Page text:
Re: *Bzzzt* Fermi Paradox

From: Jeff Davis (
Date: Sun Jan 16 2000 - 23:01:09 MST


I wrote
>The older the universe, the more capable and community-minded the
> "residents" are likely to be.

and Anders replied:

>Why? Capable may be likely, but community mindedness does not have to
>be greater.
Here's why I see more community-mindedness.

Aggressive behavior in a community of two or three or even half-a-dozen
equally capable entities, might be sustainable. One entity might surprise
and overwhelm another, and enlarge its power. It then might continue, using
its increased power succesfully against the remaining limited opposition.
But in a community numbering over--you pick a number: 30?, 50?,
100?,--there comes a point where the threat to all becomes known to all,
and the combined strength of the community becomes their source of security.

Regarding human societies, there have never been more than a handful of
nearly matched competitive regimes. And these have often formed themselves
into bipolar alliances. Such bipolarity arguably maximizes the prospect
of aggressive adventurism.

>After all, see the complex behavior of cooperation in the
>iterated prisoners' dilemma when run as a genetic algorithm - long
>periods of calm and cooperations, followed by breakdowns and

I am not thoroughly familiar with the prisoner's dilemma. But as I recall
there are two prisoner's held by a dominant power. What happens when you
change the underlying assumptions to fifty non-prisoners each dominated by
the combined power of all the others? Besides which, doesn't "long periods
of calm and cooperation" describe "community-mindedness", at least in
behavior if not in inclination?

>Just look around on this list, and ask yourself: would anybody here
>(given enough resources) start a replicator scenario without being
>cautious? I think the answer is yes, there are a few of us who might
>take the chance regardless of risks or due to a philosophical

Fair enough. But once again, the community of communities on this planet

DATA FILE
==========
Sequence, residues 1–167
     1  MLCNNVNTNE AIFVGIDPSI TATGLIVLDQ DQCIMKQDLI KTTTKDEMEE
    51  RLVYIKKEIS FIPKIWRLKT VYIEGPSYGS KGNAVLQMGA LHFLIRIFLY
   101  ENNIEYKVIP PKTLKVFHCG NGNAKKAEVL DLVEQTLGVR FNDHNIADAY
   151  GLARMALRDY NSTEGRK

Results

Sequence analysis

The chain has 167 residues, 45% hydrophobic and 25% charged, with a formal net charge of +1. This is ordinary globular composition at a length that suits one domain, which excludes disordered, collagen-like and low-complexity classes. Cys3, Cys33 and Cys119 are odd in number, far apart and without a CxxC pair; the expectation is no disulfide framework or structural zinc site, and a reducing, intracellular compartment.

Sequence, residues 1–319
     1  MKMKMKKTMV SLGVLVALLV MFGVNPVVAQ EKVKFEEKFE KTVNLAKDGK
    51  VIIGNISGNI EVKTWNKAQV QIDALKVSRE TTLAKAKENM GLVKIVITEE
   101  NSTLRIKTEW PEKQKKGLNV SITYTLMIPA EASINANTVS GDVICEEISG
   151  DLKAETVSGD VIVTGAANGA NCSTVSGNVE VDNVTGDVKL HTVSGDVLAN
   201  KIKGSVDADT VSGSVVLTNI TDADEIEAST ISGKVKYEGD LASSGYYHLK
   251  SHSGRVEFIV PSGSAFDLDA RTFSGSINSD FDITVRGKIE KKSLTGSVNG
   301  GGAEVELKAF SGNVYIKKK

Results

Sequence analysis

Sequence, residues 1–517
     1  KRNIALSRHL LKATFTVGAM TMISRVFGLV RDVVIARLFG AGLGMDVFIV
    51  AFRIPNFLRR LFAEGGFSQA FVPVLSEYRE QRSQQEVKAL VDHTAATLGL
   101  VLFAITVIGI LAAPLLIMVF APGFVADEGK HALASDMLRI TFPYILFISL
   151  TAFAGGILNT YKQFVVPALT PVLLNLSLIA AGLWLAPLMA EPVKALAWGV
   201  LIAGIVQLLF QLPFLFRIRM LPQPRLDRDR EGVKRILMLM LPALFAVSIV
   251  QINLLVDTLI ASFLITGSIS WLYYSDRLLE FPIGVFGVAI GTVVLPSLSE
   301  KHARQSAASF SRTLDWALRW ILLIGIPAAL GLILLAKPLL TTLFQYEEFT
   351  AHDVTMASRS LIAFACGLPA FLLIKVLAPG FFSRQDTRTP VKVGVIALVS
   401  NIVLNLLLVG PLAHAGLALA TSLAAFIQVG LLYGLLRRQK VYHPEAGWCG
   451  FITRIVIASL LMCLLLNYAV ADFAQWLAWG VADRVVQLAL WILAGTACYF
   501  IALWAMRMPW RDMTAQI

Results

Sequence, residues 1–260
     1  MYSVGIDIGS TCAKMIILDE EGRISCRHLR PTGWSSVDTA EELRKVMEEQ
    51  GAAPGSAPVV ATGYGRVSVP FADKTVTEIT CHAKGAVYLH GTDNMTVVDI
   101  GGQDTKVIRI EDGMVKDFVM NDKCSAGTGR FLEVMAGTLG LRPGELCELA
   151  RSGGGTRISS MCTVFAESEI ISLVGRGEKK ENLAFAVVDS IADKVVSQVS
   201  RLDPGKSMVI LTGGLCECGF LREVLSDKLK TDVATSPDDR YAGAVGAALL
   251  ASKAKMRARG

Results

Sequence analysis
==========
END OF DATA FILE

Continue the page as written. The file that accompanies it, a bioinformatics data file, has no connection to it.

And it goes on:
would have resources and motivation to intervene in any action which could
pose a significant risk to all. Which brings us to the difficulty posed by
having to pull it off covertly, by a small group, and with limited
resources. Admittedly, a nanoprobe scenario might not require much in the
way of material resources, but there is a substantial difference between a
lone-gunman nanoprobe scenario, and an imperial juggernaut nanoprobe
scenario. The lone-gunman scenario is likely to provoke a serious effort
to clean up the mess, distribute "nanoprobe-protection" materials, and
publish energetic apologies. Which is to say, manifest community-mindedness.

>the probability of
>launching is nonzero.

I agree. But we're still left with the question, "How large?"


Also, as

"Andrew R. Sujdak" <> observes,

the character of the probes is central to what--for good or ill-- they can
accomplish. And the discussion to this point suffers greatly from an
paucity of these crucial details.

Practice safe interstellar intercourse. Launch only approved probes.

                        Best, Jeff Davis

           "Everything's hard till you know how to do it."
                                        Ray Charles

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